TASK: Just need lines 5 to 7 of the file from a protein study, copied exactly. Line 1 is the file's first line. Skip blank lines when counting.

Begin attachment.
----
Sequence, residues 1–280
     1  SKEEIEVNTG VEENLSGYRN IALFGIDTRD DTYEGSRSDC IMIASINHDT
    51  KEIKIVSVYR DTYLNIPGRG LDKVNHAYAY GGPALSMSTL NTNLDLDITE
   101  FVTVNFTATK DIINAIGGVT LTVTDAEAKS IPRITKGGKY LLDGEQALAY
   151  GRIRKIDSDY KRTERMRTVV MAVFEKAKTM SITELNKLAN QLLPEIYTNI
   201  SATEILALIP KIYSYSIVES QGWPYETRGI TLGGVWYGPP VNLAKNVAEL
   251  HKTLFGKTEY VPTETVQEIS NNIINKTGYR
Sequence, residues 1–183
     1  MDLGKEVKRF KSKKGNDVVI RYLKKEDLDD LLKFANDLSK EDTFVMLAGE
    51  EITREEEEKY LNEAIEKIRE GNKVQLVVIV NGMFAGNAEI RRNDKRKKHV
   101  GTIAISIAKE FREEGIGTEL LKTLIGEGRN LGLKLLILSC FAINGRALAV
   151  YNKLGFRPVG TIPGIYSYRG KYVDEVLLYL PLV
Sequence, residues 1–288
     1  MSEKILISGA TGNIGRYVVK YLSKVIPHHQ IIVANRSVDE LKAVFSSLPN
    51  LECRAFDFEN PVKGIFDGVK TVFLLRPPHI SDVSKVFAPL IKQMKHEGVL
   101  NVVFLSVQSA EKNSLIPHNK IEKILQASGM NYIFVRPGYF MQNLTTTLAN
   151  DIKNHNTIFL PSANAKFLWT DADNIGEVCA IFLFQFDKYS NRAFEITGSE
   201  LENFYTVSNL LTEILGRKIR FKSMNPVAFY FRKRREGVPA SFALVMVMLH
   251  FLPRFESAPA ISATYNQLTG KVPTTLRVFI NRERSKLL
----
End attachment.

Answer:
   151  GRIRKIDSDY KRTERMRTVV MAVFEKAKTM SITELNKLAN QLLPEIYTNI
   201  SATEILALIP KIYSYSIVES QGWPYETRGI TLGGVWYGPP VNLAKNVAEL
   251  HKTLFGKTEY VPTETVQEIS NNIINKTGYR